Listen Live
Stone Soul 2024
Praise 104.7 Featured Video


The power of prayer has long been controversial, but a new study in a leading psychological journal finds some of the first scientific evidence that it truly works – at least on the person doing the praying.

While previous studies have looked largely at the people being prayed for, investigators flipped the research model to examine those who personally engage in the religious practice. They found that even a single prayer for a loved one led to increased self-reported willingness to be forgiving of that person.

Though the research leaves open the possibility of divine intervention, investigators don’t claim any “miraculous event.” They instead focus on scientifically quantifiable factors, such as prayer’s ability to prime a more selfless state of mind. “This is not an attempt to proselytize; our position is one of absolute neutrality,” says study co-author Frank Fincham, a world expert on relationship science. “What seems to be operative here is that people experience a selfless love when they pray; they appear to be connecting more with humanity and feeling more positively toward humanity as a whole. That’s what leads them to be more willing to forgive.”

The new study, published in the journal Psychological Science, draws data from 119 people over two experiments.

In the first, participants assigned to say a single prayer for their romantic partner reported a greater willingness to be forgiving of that person than did participants who were asked to describe their partner to a recording device “as if they were (talking) to a parent.”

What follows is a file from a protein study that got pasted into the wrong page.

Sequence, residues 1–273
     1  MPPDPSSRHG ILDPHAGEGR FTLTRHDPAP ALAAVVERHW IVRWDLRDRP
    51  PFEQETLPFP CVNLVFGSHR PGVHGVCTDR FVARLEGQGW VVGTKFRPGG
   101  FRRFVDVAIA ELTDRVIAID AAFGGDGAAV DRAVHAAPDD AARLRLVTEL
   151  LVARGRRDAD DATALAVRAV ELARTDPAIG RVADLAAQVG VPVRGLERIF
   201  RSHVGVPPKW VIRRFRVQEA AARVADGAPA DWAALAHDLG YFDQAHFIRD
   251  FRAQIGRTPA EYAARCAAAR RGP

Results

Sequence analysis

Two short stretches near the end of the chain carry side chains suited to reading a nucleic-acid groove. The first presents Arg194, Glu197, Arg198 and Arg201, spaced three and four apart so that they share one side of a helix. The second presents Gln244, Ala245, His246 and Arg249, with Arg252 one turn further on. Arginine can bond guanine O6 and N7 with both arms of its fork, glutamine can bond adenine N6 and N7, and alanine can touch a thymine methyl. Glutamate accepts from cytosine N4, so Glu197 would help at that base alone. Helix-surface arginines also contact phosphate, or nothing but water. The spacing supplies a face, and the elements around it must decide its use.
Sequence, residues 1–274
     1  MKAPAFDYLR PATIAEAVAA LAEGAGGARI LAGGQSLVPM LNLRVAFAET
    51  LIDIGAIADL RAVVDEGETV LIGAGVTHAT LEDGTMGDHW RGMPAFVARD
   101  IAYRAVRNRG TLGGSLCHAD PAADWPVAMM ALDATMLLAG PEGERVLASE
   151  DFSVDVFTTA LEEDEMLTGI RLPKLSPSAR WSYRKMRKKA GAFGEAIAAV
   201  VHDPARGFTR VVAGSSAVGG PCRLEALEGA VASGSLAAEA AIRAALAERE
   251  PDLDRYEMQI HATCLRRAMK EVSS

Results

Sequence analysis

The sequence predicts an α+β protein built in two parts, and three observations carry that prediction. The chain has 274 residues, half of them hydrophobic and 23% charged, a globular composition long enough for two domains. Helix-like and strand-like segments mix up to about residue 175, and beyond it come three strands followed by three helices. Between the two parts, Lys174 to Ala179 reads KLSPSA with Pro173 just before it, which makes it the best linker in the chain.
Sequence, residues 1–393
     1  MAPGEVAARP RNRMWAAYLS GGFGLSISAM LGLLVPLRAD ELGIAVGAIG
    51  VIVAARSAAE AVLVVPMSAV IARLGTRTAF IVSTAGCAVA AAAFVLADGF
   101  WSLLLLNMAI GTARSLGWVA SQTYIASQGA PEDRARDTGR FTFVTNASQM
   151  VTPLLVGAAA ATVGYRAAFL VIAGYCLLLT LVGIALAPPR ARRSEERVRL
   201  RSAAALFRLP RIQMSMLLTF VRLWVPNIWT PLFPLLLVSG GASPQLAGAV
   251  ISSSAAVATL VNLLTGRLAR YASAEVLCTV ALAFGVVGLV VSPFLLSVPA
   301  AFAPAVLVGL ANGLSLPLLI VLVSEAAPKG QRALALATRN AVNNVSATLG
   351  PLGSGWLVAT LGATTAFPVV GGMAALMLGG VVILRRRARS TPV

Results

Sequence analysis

The second study was more revealing, with participants – all of whom were comfortable with prayer – split into three groups: those asked to pray for a friend, those asked to pray about any topic, and those asked to think positive thoughts about a friend every day for four weeks.

People in the first group were much more likely to be forgiving of that friend than those in either of the latter two groups, which notably showed no significant differences between them. The first group also expressed more “selfless concern” during the testing period.

Fincham, director of the Family Institute at Florida State University, says the findings suggest focused prayer can act as insulation, protecting both platonic and romantic relationships from drawn-out conflict by helping regulate emotion.

While Fincham says religious communities are “overjoyed” at the findings, critics such as Richard P. Sloan – author of Blind Faith: The Unholy Alliance of Religion and Medicine – are skeptical that prayer can, or even should, be subjected to scientific scrutiny.

“There’s been this tendency to try to justify religious ritual and spiritual practices based on their effectiveness … It’s a ridiculous trivialization,” says Sloan, a professor of behavioural medicine in psychiatry at Columbia University Medical Center. “They’re making prayer into some sort of spiritual vending machine, where you deposit something in it and you get a desired outcome.”